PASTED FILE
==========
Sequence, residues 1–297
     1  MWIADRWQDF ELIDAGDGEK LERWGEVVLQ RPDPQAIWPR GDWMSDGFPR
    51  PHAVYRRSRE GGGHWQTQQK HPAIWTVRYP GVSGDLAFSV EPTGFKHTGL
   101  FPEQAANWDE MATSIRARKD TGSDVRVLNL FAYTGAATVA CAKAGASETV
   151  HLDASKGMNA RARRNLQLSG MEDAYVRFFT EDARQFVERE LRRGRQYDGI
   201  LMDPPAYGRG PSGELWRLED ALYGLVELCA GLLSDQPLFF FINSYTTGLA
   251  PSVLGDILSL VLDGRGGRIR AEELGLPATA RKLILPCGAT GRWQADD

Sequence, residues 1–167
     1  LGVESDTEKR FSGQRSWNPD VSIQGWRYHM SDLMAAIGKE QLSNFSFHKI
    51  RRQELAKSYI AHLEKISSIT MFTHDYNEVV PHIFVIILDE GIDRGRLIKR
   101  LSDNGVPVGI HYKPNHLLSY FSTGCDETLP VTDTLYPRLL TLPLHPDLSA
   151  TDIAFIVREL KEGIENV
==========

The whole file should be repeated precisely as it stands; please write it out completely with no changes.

Sequence, residues 1–297
     1  MWIADRWQDF ELIDAGDGEK LERWGEVVLQ RPDPQAIWPR GDWMSDGFPR
    51  PHAVYRRSRE GGGHWQTQQK HPAIWTVRYP GVSGDLAFSV EPTGFKHTGL
   101  FPEQAANWDE MATSIRARKD TGSDVRVLNL FAYTGAATVA CAKAGASETV
   151  HLDASKGMNA RARRNLQLSG MEDAYVRFFT EDARQFVERE LRRGRQYDGI
   201  LMDPPAYGRG PSGELWRLED ALYGLVELCA GLLSDQPLFF FINSYTTGLA
   251  PSVLGDILSL VLDGRGGRIR AEELGLPATA RKLILPCGAT GRWQADD

Sequence, residues 1–167
     1  LGVESDTEKR FSGQRSWNPD VSIQGWRYHM SDLMAAIGKE QLSNFSFHKI
    51  RRQELAKSYI AHLEKISSIT MFTHDYNEVV PHIFVIILDE GIDRGRLIKR
   101  LSDNGVPVGI HYKPNHLLSY FSTGCDETLP VTDTLYPRLL TLPLHPDLSA
   151  TDIAFIVREL KEGIENV